Mentor Graphics has release a version of its Flotherm heat flow-analysis tool that makes it possible to build accurate models of heat flow through electronic systems from initial concepts through to prototypes without the extensive manual rework that these analyses have needed traditionally.
“The issue of heat is becoming more critical in electronics,” said Keith Hanna, director of marketing and product strategy at Mentor Graphics’ mechanical analysis division, pointing to the data that has come over the years from sources such as Mentor’s own PCB awards. These show that area consumed by components has halved since 1995 and component density risen by 3.5 times.
At the same time, the use of forced-air cooling has become more problematic. Consumers do not like the noise and data centre operators do not like the air-coniditioning bills. In automotive, the situation is even more serious. Hybrid and electric vehicles need high-density power electronics but excess heat has led to a number of expensive, high-profile vehicle recalls.
Roland Feldhinkel, product line director for Mentor Graphics’ mechanical analysis division, said the problem today is that heat simulation normally gets left to the end of a project, largely because the job is hard to do earlier.
Although a part of the Flotherm XT launch is the ability to transfer data more easily between the electrical and physical domains, the key problem the company had to overcome to get to some form of pushbutton analysis lay in the computational fluid dynamics (CFD) calculations that are needed for accurate thermal analysis.
“CFD is quite complex technology and can’t be applied automatically in each stage of the design process,” said Feldhinkel.
As with Spice simulations, convergence can be troublesome in CFD but repairing the problems is even more involved. CFD requires two, often manually intensive, stages of data preparation. One is to build a mesh that describes the physical and heat-transfer properties of the physical system. The second is to get a mesh that will support convergence during simulation. A third less apparent problem is that simulation accuracy depends on the quality of the mesh – too coarse resolution at a key point and the results may miss a critical hotspot.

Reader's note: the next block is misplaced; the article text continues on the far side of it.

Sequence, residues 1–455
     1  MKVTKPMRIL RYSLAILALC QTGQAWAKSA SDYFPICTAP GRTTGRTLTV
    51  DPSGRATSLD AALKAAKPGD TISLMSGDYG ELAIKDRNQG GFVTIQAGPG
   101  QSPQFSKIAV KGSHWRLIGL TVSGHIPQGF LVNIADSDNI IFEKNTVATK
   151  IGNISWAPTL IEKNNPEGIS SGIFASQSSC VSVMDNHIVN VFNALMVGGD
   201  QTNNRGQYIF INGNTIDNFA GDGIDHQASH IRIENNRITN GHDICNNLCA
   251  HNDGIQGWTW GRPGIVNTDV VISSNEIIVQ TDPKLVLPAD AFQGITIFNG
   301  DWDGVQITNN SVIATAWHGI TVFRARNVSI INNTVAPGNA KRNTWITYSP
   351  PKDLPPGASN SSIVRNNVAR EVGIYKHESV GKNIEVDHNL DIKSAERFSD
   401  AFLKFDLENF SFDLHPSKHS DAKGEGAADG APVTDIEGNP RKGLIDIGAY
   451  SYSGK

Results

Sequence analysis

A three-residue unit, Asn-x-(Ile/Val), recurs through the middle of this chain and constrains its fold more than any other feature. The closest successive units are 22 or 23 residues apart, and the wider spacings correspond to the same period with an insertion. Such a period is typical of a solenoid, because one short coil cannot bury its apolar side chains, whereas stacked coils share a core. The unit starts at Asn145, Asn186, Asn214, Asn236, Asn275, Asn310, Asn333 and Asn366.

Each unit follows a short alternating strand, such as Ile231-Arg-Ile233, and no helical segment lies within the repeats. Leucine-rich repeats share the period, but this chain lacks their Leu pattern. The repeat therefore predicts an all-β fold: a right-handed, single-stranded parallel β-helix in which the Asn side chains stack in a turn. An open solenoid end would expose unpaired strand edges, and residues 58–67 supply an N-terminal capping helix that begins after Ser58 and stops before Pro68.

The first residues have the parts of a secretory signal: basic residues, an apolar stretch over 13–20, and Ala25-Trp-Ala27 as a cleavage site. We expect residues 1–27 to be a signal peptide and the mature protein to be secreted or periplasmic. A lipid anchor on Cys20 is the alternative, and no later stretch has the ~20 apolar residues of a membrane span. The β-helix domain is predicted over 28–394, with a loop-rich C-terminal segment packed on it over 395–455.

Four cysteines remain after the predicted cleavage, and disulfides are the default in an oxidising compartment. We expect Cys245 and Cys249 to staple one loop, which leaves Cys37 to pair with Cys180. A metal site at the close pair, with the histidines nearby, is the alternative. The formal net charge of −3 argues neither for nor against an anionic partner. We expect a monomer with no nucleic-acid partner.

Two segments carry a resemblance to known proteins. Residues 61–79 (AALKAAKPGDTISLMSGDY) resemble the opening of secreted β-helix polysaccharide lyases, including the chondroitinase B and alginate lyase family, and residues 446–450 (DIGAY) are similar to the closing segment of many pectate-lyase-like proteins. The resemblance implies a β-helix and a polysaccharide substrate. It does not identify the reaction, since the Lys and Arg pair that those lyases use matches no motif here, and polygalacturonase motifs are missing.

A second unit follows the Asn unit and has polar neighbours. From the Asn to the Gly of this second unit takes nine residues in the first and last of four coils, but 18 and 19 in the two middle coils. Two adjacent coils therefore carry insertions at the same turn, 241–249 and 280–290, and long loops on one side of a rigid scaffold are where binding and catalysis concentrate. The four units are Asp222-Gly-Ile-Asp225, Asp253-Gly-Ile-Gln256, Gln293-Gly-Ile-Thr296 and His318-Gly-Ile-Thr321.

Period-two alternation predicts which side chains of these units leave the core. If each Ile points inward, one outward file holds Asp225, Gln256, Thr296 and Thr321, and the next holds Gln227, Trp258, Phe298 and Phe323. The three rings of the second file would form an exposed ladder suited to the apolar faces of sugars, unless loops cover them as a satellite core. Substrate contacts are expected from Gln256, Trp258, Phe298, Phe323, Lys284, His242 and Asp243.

Electronics designs compound the problem through their use of many tiny components. They have the benefit of being mostly rectangular, which is a good for CFD meshes, but they are being squeezed into curved packaging to make them look more attractive to consumers, a factor driven by “the Apple aesthetic”, said Hanna.
This has a knock-on effect on the componentry used on PCBs. Heatsinks are being machined to fit underneath curved surfaces and DRAM SIMMs are being tilted to reduce system height. These changes stop the components from being described as objects with edges that lie on the pure Cartesian grid fluid-flow specialists would like to use.
The result, using traditional techniques, is a much more complex mesh because each cell needs to contain a space that contains either fluid or solid. Hanna explained that these approaches derive from concepts developed by Professor Brian Spalding at Imperial College, London at the beginning of CFD technology. But an alternative approach was taken by researchers in the Soviet Union, starting in the 1980s, that made greater use of empirical experiments to gauge how fluid flows around complex objects.
Feldhinkel said: “They had a tremendous lack of computer resources but practically unlimited access to all testing facilities in the Soviet Union. The CFD data was calibrated against nature from the beginning.
“The result was that the boundary layer does not need to be solved with a mesh,” Feldhinkel added.
Instead the tool can use ‘wall functions’ – formulas that take account of the cell’s resistance to transporting momentum and heat – derived from the empirical data. As it decomposes the design, the tool matches the 3D structure to a mesh of reasonably regular cells that contain different wall functions.
“The software does not necessarily converge immediately but the tool will re-identify the solver parameters and start again if it cannot converge. It works with a knowledge base inside the software,” said Feldhinkel.
“People can do 30 or 40 simulations a week with this approach,” Hanna claimed. “It means they can do a lot more conceptual designs.”
For initial concept designs, the tool can take fairly primitive data – a rough and ready layout that shows the position of critical devices such as processors and their estimated power consumption. “With a representation of the enclosure, you can do a thermal simulation,” said Feldhinkel.
As the design progresses, real PCB data can replace the space models, exchanged with Flotherm XT using the CCZ file format supported by Mentor Expedition. The company aims to add support for other tools such as Cadence Design Systems’ Allegro and Zuken’s PCB software.